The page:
The chilling effect on landowners who want to open their land for recreational access has prodded calls to amend the Colorado Recreational Use Statute. The Fix CRUS Coalition has grown to 46 outdoor industry businesses, trail groups and local governments calling on lawmakers to ease landowner liability concerns and protect free outdoor recreational access.
Senate Bill 58 proposed by three Democrats — Sen. Dylan Roberts of Frisco, Rep. Brianna Titone of Arvada and Rep. Shannon Bird from Westminster — and Republican Sen. Mark Baisley from Woodland Park asks landowners to post detailed signs warning visitors of hazards on their properties. It also asks landowners to take photographs of signs warning of dangerous conditions, structures and activities that could lead to injury or death, not just harm. If a landowner erects those signs, then they cannot be found liable for a “willful or malicious failure to guard against a known dangerous condition.”
A 2019 bill proposed removing the willful and malicious exception to landowner liability protections. It died in a committee days after it was introduced.
A bill in the 2023 session also proposed adjustments to that “willful and malicious” exception and it also died in a committee vote after testimony from several attorneys with the Colorado Trial Lawyers Association. Those lawyers argued that the recreational use statute was working well if only one landowner in more than four decades was found liable for “willful and malicious” disregard for visitor safety.
The Colorado Trial Lawyers Association worked with the lawmakers and Fix CRUS Coalition on this year’s legislation.
“In our mind it clearly states the protections that existed in the law already,” said Kari Jones Dulin, the president of the trial lawyers association.
Jones Dulin said the new language does not reduce protections for people recreating on private land. She said the proposed legislation “gives landowners the words that make them feel better about opening up their land for recreational purposes.”
Baisley, who sponsored the bill in 2023, hopes this legislation “keeps the trial attorneys at bay,” he said.
If the trial attorneys who help injured parties sue property owners say they will not file lawsuits against landowners who post signs warning of dangers and possible death, maybe that will be the assurance property owners need to keep access open for recreation, Baisley said.
But this legislation does not address the “looming problem that there is a chink in the armor of the Colorado Recreational Use Statute that was leveraged by the trial attorneys with the successful lawsuit against the Air Force Academy,” Baisley said.
“This legislation is augmentation, but not a solution,” he said. “For 30 years the Colorado Recreational Use Statute was the agreement that worked but once that veil got pierced, now every property owner wonders ‘Have I been vulnerable this whole time? Is there a likelihood that my kindness of providing access for no benefit is going to be leveraged in a way that will destroy me financially?’ That remains our looming problem. We will have this agreement for now, but if the trial attorneys find some new opportunity and seize on it, Colorado will never be the same.”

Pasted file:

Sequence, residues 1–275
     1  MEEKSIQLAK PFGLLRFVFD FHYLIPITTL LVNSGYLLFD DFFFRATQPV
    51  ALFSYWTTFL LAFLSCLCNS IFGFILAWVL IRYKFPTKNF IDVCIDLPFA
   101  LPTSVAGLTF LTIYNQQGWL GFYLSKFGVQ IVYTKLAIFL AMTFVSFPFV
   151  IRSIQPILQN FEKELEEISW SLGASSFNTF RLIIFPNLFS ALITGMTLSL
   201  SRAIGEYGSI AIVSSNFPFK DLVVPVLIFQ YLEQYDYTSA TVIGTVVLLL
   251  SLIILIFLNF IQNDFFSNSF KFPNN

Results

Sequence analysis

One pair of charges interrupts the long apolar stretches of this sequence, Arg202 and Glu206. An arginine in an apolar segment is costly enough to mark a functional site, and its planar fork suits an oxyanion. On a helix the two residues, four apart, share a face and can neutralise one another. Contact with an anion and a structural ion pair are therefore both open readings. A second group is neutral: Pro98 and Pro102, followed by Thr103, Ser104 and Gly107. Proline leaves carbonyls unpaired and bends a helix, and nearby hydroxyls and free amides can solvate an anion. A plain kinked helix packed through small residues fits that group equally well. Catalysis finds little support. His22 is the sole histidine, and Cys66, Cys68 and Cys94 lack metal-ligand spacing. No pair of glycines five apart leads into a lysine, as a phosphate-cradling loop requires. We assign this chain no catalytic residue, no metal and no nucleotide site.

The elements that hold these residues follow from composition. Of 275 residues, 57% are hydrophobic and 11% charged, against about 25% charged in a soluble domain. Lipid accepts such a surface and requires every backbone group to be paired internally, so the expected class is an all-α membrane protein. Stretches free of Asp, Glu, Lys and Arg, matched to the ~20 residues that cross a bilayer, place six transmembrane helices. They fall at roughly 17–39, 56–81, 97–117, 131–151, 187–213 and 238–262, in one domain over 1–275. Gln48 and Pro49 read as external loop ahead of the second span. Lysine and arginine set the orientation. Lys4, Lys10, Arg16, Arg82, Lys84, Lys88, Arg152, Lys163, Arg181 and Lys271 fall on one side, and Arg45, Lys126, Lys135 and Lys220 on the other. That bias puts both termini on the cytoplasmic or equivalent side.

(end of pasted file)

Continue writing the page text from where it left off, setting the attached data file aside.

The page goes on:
>> Click over to The Sun to read this story
Back to the beginning for the Uinta Basin Railway
Oil tankers roll past kayakers in the Colorado River in Gore Canyon in August. A plan to build the Uinta Basin Railway would route 4.6 billions of gallons of Utah crude a year through Colorado along the Colorado River. (Jason Blevins, The Colorado Sun)
After the U.S. Court of Appeals in Washington, D.C., last month rejected a last-ditch appeal to keep the Uinta Basin Railway on track, the Forest Service this week hammered the final nail in the coffin of the 88-mile railroad that would have funneled 4.6 billion gallons of crude oil a year through Colorado.
Utah’s Ashley National Forest Supervisor Susan Eickoff on Wednesday overturned her July 2022 approval of a right-of-way permit for the railroad, saying the agency’s decision was based on the Surface Transportation Board’s review of the proposed railroad. When the U.S. Court of Appeals ruled the transportation board’s review was deficient because it did not study the climate, environmental and wildfire impacts of increased drilling and rail traffic beyond the railroad corridor, the Forest Service decided its review would need to start anew.
Colorado politicians who had attacked the railroad plan from many angles, pointing to recent fiery and polluting train derailments as an example of the downstream impacts the Surface Transportation Board failed to consider, cheered the Forest Service’s decision.
“A derailment along the headwaters of the Colorado River could have catastrophic effects for Colorado’s communities, water, and environment,” said Colorado U.S. Sen. Michael Bennet, in a statement with similar quotes from other elected leaders in Colorado. “I’m glad the Forest Service has taken this important step to protect the Colorado River and the tens of millions of people who depend on it.”
Avalanche numbers are huge, but no deaths so far. Could CAIC outreach and education be working?
A skier was partially buried in an avalanche near Lost Lake in the Indian Peaks Wilderness on Jan. 13. His companion was able to dig him free and he was uninjured. (Colorado Avalanche Information Center photo)
Avalanches recorded by the Colorado Avalanche Information Center between Jan. 11 and Jan. 17
The Colorado Avalanche Information Center collected reports on 860 avalanches during the extraordinarily snowy and windy storm cycle between Jan. 11 and Jan. 17. Three avalanche fatalities have been recorded in the U.S. so far this winter — one in Wyoming, one in Idaho and a skier at a California resort. In the past 10 seasons, there have never been so few avalanche fatalities by the third week in January. Just once in the past decade — the 2016-17 season — did the avalanche information center not count any avalanche deaths in Colorado by the latter half of January.
It’s too early for the high-fives, but it looks like the aggressive outreach and education campaigns by CAIC — and the Friends of CAIC too — are working. Imagine a year of big snow with zero avalanche fatalities. Wow.
Danger remains high in most ranges as heavy loads of new, wind-loaded snow stress layers deeper in the snowpack. Keep checking the forecast and maybe keep skipping through the low-angle meadows until the snowpack settles and consolidates.
Corrections & Clarifications
Notice something wrong? The Colorado Sun has an ethical responsibility to fix all factual errors. Request a correction by emailing [email protected].